That's good for clubs, good for USFigureSkating, good for the skaters, good for coaches, good for the local rinks . . . but it really doesn't do anything for fans who watch skating on TV. It's not going to bring in more TV coverage or advertising dollars. It's not even going to bring in any more boys.
Where's the proof in that?You never see ballet fans suggesting the dancers be more X-games like, or classical music fans suggest hot dogs be served during concerts, etc..
I'm only speaking from my own experience. I don't actually know any "non skating fans". Skating used to be extremely popular from the 60s thru to the late 90s. Pretty much everyone watched it at least casually. I know tons of people who used to be fans but have dropped the sport like a hot potato because of all the idiotic changes in recent years.
Figure skating is so closely linked to the Olympics, and Olympic sports are simply not popular here in the US in off-Olympic years.
I recall back in the early to mid 1990s how my local affiliates would always pre-empt the World Figure Skating Championships for high school basketball. I mentioned that one time at work about my frustration, and I got laughed at for even watching figure skating. I've never admitted to watching figure skating since. It is hard to be a fan of a sport if you are going to be mocked.
I have a whole rubbermaid container of figure skating videos in my basement that I taped 15 to 20 years ago. I've often wondered if it wasn't time to let that all go. I even have to admit that my interest isn't what it once was, and I was quite an avid fan years ago.
Almost everyone I know watched all those pro events that were always on in the 90s. $peedy killing pro skating is just one of the many reasons why people IMO need look no further than him to answer the question of why skating is in such a shocking free fall decline. I also know that this will be hotly denied and ridiculed here, but in my personal experience, tons of average people who used to watch skating casually and now don't, all without exception complain about COP and say it ruined the sport and made in unwatchable. But yeah, I'm just an idiot. What the sport needs is not to win back the huge audience it lost, but to alienate it's core group by reaching out to a demographic that never liked it or anything even remotely resembling it.
One thing I wonder about is who does the marketing for skating.
I see a lot of arenas 1/2 filled or 1/3 filled on tv. When I commented on it on one thread someone in Japan replied that although there were many empty seats on tv, they had been unable to obtain tickets to NHK after several attempts. I had the same experience when I went to Worlds Exhibition in Washington DC. I tried to buy tickets as soon as they were available, but could only get nosebleed seats, yet the arena was pretty empty when I went.
I also so a letter in IFS from someone with extensive PR experience and contacts in the host city who tried to volunteer for one of the U.S. Nationals, but was turned down when she revealed that she was not a USFSA club member.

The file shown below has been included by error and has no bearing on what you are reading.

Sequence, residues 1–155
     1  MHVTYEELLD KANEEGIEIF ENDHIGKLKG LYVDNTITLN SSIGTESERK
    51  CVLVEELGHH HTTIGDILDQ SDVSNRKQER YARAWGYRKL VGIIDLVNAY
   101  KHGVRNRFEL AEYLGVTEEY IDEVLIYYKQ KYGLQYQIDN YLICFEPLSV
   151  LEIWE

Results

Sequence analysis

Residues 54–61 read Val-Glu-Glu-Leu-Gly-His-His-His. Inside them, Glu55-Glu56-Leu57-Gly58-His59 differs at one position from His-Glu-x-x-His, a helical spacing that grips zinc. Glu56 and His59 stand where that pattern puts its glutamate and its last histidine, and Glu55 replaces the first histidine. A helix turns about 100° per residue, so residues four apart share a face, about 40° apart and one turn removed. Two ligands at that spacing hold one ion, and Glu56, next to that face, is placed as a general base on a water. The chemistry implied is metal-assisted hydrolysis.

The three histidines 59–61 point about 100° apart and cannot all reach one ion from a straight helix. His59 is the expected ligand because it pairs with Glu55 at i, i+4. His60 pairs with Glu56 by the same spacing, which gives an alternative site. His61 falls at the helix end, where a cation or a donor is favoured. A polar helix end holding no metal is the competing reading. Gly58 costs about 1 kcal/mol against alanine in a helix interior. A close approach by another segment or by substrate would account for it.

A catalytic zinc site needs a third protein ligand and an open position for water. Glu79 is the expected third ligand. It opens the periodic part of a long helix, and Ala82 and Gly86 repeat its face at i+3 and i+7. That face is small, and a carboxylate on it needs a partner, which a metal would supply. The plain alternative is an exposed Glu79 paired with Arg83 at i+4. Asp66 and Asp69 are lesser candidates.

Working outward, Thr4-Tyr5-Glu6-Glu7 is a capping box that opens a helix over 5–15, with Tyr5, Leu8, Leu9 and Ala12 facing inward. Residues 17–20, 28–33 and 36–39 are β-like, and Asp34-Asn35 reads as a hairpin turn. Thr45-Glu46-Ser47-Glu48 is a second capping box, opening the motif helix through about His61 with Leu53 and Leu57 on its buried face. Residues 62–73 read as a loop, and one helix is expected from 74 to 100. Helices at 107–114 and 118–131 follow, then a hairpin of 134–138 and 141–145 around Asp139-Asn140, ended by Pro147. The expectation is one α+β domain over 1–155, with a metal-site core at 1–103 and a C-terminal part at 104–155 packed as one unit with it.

Maybe the "old boy" network is just too thick.
I'm not so sure that I agree with the basic concept of taking figure skating further into pop culture - the 'marketing' that is called-for by the original poster. Why? Skating is fine now. It is no worse -- just as delightful -- as it was in the 60s and 70s, when I discovered it via ABC Wide World of Sports (brief telecasts in those days - 1 or 2 hours, maybe twice a year).
Skating is a classy sport and should stay thus. 'Class' doesn't have to be marketed a-la pop culture, IMO.
If what some people want is to return to the big-payout days of the mid-1990s, post-Tonya/Nancy, it just ain't gonna happen. BUT there will always be a fanbase of folks like most of us on the FSU board who learned to love the sport through the limited viewings in 1960s/70s/80s TV.
I was in grade school and middle (then "jr high") school in the 1960s/early 70s. I was hooked 2-3 years before Peggy Fleming skated in Grenoble, so we can't even give credit to the phenomenon of Peggy's win. No need for fancy-schmancy "marketing" to hook fans. Just the art of skating on TV, with beautiful classical music - plain & simple. For me it was the joy of seeing something beautiful and 'feminine' on TV, similar to ballet, which I also came to adore in those years.
p.s. ABSOLUTELY NO to vocals, which would open the door to rap and the antithesis of what, to me, is the most attractive quality in skating. It's bad enough to have the 'wailing woman' vocalizing in Artur Gashinski's SP...or the screecher in Kawaguchi/Smirnov's old 'Dying Swan' SP!
Last edited by Frau Muller; 03-30-2011 at 08:00 PM.
Dick Button Historical Quote of the Month: "With them it's all about the most movement per measure." (commenting on Bestemianova/Bukin, during the 1988 Olympics, Calgary)